Appel, H. M., & Cocroft, R. B. (2014). Plants respond to leaf vibrations caused by insect herbivore chewing. Oecologia, 175(4), 1257–66. doi:10.1007/s00442-014-2995-6

Plants trick moths by faking injury

Plants are the ultimate masters of defence. As they are unable to run away if being attacked, they have to find different ways to fight against their enemies. Many plants produce foul chemicals to ward off herbivores, while others produce structural defences such as thorns or dense hairs. Other plants recruit natural enemies of their herbivores through the use of a chemical signal called a synomone.

As we continue to learn more about the secret lives of plants, we discover more strange and wonderful strategies plants utilise to stay healthy. In the case of the rainforest plant species Caladium steudneriifolium a novel method of self defence has been discovered: pretending to be damaged.

You’re probably familiar with plants in the genus Caladium. Their tolerance to a bit of neglect, large leaves, and glossy sheen make them one of the world’s most popular house plants. Interestingly, another quality that makes these plants such a desirable addition to your home is essentially the same mechanism that allows the plants to deter predators: variegation.

Plants that are variegated have more than one type of genetic make-up within their tissues. This leads to differential leaf colour, causing white, or yellow  zones on some part of the plant. These unusual features can often be quite beautiful or interesting, and correspondingly plant breeders often propagate variegated varieties en mass. This gives us the interesting variegated varieties found throughout gardens worldwide.

In wild ecosystems, retention of genes causing variegation is a slightly different situation. Non-green zones on the leaf do not contain chlorophyll, and as  chlorophyll is required for plants to photosynthesise there is an associated fitness cost of having variegated leaves. However, in the wild – the species C. steudneriifolium exists in both variegated (1/3 of all plants) and uniformly green (2/3) types.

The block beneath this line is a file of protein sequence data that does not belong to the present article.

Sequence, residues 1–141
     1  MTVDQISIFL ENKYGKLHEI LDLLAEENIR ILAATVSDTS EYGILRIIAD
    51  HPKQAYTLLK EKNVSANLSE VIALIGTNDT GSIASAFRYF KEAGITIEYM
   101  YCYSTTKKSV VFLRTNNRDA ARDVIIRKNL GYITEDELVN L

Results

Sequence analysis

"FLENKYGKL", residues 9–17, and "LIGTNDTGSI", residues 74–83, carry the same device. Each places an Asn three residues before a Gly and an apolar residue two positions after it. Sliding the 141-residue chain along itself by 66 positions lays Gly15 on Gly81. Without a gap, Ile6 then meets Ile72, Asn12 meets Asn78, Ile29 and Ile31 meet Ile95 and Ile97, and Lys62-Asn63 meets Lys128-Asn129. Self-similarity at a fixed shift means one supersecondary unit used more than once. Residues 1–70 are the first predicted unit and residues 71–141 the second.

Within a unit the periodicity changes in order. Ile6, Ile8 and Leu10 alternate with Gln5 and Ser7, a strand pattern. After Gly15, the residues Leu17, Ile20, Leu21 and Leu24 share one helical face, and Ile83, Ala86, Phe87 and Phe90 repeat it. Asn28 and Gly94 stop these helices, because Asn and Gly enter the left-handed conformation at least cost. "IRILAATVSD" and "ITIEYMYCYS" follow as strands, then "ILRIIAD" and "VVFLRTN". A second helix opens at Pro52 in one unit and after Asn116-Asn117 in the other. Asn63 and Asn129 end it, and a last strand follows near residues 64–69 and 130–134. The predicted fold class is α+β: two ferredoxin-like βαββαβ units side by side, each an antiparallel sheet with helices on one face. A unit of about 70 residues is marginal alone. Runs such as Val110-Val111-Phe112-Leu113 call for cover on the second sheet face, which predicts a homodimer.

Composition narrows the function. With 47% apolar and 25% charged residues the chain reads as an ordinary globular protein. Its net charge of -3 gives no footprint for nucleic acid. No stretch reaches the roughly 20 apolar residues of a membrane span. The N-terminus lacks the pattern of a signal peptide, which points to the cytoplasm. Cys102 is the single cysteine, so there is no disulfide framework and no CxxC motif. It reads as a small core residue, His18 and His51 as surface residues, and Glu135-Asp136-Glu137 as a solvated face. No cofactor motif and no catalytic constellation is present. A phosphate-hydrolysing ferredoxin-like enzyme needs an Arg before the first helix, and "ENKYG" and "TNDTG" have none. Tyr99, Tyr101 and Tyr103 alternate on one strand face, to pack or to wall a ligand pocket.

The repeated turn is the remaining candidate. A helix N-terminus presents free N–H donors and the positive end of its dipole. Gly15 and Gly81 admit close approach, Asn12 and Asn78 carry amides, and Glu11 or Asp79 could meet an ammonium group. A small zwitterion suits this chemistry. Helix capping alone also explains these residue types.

In 2009, a team lead by Sigrid Liede-Schumann noticed that variegation on the leaves strongly resembled damage caused by leaf mining insects. They noticed leaf miners were present in both morphs, and set out to test whether presence of a leaf miner was influenced by whether leaves were variegated or not. They expected that moths would preferentially select healthy leaves free of competition for their larvae to develop, selecting entirely green leaves over variegated leaves.

To test this, the team tagged 800 brand-new leaves near a car park in South Eastern Ecuador. These leaves were divided into four treatments shown in Figure 1 below. The team used either white correction fluid, or a transparent correction fluid thinner (shown in blue for clarity) to mark simulated variegations on the leaves. The team came back 3-months later and counted the number of leaves infested by leaf mining larvae within each treatment.

Figure 1: Experimental manipulation of C. steudneriifolium leaves

The team found infestation rates were 4-12 times higher in uniformly green leaves in comparison to variegated leaves. This was true regardless of presence of clear painted defoliation, suggesting mining moths use visual cues to select their host plant.

Alongside the direct cost of herbivory, when leaf mining insects emerge from the C. steudneriifolium leaf after completing development a wound in the plant is formed. Plant pathogens can opportunistically use this wound to infect  the host. By tricking moths into believing it is already in use, the moth passes up the ‘used’ leaf and seeks out a ‘fresh’ healthy host – which in reality, is more likely to be in use by the undetected larva of another moth than a leaf of the variegated plant. The variegated plant can then breathe a sigh of relief, enjoying it’s comparatively higher quality of life made possible by deception. A pretty clever strategy, even for a plant.

Soltau, U., Dötterl, S., & Liede-Schumann, S. (2008). Leaf variegation in Caladium steudneriifolium (Araceae): a case of mimicry? Evolutionary Ecology, 23(4), 503–512. doi:10.1007/s10682-008-9248-2